About a year ago, I began driving to and from work on a daily basis. Consequently, I have become an avid audiobook listener. I enjoy reading non-fiction, and I focus on topics including business, management, social science, and health.
I've read a lot of books focused on personal improvement. While the information is always beneficial, here are three books that stood above the rest. They include convincing arguments for making positive life changes, straight talk about personal accountability, and specific steps to take to take needed action. In fact, each of these books was so helpful that I initially listened to them, then bought them in a hard copy to have access to the exercises and as a reference moving forward. Here they are in the order that helped me to take best advantage of the information.
1. Emotional Well-Being: Not Nice
Full book title:
Not Nice: Stop People Pleasing, Staying Silent, & Feeling Guilty... And Start Speaking Up, Saying No, Asking Boldly, And Unapologetically Being Yourself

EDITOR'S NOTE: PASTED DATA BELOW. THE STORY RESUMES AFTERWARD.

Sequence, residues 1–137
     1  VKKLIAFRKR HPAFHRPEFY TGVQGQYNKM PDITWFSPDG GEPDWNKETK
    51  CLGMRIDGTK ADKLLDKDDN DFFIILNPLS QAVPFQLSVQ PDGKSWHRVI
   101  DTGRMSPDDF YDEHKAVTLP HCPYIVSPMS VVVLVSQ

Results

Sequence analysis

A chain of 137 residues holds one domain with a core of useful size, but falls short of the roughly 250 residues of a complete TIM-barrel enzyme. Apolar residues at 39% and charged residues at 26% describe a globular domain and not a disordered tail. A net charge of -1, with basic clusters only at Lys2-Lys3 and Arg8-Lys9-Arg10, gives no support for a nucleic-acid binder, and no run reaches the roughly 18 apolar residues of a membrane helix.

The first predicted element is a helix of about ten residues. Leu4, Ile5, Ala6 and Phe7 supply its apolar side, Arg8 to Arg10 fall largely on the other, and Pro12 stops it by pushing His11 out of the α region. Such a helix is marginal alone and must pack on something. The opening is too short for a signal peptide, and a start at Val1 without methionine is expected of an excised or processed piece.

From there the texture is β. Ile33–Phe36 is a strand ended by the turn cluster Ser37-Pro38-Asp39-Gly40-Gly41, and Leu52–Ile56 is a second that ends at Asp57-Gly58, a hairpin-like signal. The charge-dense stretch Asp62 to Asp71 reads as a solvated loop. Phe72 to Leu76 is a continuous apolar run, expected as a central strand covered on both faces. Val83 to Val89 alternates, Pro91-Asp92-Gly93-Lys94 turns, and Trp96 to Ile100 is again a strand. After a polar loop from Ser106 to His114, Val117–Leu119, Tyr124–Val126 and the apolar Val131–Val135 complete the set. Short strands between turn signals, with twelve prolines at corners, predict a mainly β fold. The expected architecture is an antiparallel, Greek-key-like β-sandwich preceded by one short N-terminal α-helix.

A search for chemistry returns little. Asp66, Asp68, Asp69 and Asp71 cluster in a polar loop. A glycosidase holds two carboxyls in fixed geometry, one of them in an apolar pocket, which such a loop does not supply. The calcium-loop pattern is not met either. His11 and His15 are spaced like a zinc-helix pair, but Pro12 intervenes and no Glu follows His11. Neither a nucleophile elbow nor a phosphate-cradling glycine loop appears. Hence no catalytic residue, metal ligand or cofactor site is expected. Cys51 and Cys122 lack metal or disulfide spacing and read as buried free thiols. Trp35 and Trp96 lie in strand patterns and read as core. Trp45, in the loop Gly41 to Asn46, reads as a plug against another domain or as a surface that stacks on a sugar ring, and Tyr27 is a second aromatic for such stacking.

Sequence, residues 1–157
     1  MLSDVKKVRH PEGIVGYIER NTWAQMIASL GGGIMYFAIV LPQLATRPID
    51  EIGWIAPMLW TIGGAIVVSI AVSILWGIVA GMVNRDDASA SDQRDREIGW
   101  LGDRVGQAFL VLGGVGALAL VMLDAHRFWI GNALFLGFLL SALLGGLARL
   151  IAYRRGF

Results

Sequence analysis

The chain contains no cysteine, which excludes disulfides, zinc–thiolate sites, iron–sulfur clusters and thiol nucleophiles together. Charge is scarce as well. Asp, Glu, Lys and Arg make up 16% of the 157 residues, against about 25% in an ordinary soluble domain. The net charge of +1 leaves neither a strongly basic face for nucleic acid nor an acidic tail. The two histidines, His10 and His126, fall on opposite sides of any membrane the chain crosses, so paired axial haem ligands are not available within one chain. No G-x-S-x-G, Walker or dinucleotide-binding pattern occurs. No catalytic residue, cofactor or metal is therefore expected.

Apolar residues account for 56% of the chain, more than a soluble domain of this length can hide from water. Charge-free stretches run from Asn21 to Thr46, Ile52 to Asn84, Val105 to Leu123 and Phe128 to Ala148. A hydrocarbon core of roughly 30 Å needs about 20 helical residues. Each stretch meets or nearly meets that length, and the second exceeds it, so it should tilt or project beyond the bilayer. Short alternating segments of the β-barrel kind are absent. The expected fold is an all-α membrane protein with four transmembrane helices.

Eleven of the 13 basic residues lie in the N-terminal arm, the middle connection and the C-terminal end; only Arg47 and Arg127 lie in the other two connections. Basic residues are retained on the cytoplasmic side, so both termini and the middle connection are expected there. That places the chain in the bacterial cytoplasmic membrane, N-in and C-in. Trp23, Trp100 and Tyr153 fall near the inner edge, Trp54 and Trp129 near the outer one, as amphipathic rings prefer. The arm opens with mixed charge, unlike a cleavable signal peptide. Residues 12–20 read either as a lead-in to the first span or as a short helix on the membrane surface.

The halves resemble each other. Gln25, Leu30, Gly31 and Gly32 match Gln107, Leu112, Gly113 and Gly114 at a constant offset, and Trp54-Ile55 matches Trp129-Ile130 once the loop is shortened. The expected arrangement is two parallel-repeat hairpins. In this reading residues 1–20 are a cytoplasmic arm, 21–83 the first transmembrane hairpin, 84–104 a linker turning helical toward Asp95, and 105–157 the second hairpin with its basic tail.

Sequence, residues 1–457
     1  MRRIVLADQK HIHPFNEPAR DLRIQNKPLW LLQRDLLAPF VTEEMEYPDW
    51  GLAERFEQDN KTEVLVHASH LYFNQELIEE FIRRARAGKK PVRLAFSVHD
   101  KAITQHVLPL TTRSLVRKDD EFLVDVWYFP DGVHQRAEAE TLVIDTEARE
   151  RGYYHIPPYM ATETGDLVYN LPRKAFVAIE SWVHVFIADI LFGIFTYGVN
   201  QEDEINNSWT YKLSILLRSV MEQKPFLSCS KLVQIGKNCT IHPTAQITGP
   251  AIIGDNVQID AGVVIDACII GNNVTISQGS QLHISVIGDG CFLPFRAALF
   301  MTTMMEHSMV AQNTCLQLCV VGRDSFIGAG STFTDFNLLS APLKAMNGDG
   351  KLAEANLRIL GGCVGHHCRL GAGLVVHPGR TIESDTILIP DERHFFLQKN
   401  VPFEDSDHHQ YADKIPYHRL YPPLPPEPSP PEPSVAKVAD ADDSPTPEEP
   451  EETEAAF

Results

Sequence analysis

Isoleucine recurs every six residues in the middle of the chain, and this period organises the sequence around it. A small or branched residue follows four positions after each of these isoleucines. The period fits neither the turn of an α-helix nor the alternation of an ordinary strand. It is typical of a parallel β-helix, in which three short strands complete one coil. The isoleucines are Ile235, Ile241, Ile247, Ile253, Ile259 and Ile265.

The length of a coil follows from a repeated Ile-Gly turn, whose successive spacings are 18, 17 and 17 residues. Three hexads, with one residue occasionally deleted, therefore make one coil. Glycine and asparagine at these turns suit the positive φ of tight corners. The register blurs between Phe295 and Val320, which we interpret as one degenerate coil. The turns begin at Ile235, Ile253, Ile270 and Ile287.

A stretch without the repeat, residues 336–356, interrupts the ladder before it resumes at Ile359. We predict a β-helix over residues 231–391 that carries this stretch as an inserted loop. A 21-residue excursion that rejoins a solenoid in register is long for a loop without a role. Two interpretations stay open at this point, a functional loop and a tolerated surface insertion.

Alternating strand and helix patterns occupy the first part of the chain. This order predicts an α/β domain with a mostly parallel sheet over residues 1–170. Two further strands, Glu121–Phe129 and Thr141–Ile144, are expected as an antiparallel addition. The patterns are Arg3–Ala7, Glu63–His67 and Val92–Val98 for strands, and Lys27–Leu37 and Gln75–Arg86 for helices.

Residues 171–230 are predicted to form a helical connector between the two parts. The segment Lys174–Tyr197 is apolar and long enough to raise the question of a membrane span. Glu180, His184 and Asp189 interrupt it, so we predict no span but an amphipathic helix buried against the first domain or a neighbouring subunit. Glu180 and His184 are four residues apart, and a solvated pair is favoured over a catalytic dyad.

Dr Aziz Gazipura
What I expected:
I was looking for a book on being a better conversationalist. After a couple of false starts with other books that focused on rehearsing conversations and strategies for coping with severe social anxiety, I stumbled across this book.
What I got:
This book is about being more authentic as a person, which can increase personal confidence and make it easier to move freely about the world--including having conversations with people you don't know very well. At it's core, it is about our misconceptions about being nice, and how we "nice" ourselves into insecurity, resentment, and unhappiness.
Dr. Aziz's personal stories resonated with me, and encouraged me to reexamine my attitudes and behaviors. The book includes exercises on everything from evaluating your personal "rules" for interacting with others to thinking through alternative ways to handle common situations. After going through these exercises, I am better at prioritizing what matters to me and living more authentically. As an extra added bonus, having a better sense of myself is helping me commit to the life changes I want to make. By giving myself permission to say no to things that don't appeal to me, and feeling more comfortable really committing to what I care about most, I'm making progress towards healthy eating and fitness.